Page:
Freakonomics: Poker Is Skill, Not Luck

Pros have drastically better return on investment
By Kevin Spak,  Newser Staff
Posted May 24, 2011 2:37 PM CDT
John Racener, left, and Johnathan Duhamel, right, compete in the World Series of Poker in Vegas last year.   (AP Photo/Isaac Brekken)

(Newser) – With the US cracking down on online poker, Freakonomics co-author Steven Levitt has published a study demonstrating that it’s a game of skill, not a game of chance. That’s a major distinction, because games of chance are forbidden as gambling under state and federal laws, whereas games of skill aren’t, the Chicago Tribune explains. Levitt, a major poker aficionado, analyzed World Series players the same way investors analyze stocks, and discovered that top pros boast a drastically better return-on-investment.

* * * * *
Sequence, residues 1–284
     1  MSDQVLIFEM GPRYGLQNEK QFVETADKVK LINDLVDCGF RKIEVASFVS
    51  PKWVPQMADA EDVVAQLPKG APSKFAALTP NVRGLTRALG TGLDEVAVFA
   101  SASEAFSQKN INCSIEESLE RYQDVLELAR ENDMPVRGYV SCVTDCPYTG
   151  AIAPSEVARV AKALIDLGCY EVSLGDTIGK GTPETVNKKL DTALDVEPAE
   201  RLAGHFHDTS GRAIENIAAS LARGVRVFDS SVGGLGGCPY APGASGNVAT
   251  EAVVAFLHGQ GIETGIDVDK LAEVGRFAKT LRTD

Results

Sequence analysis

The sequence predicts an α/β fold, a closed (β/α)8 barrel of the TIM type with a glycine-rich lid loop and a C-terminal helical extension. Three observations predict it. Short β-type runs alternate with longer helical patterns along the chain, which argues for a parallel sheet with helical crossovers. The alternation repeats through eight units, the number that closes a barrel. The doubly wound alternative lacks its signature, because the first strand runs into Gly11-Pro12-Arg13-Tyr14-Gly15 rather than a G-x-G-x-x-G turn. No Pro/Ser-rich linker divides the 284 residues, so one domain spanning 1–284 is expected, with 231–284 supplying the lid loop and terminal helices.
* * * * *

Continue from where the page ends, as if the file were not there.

Highly skilled players earned more than 30% back on their initial investment on average, whereas all other players lost an average 15.6%. That’s far too large a gap to be explained by random chance, Levitt and his co-author conclude. Many other studies have come to similar conclusions, but courts keep on ruling that poker is gambling anyway. “Levitt’s study will have no more influence than any of the other 20 such studies out there,” one lawyer predicts. (Levitt isn't the only numbers guy who like to play poker.)

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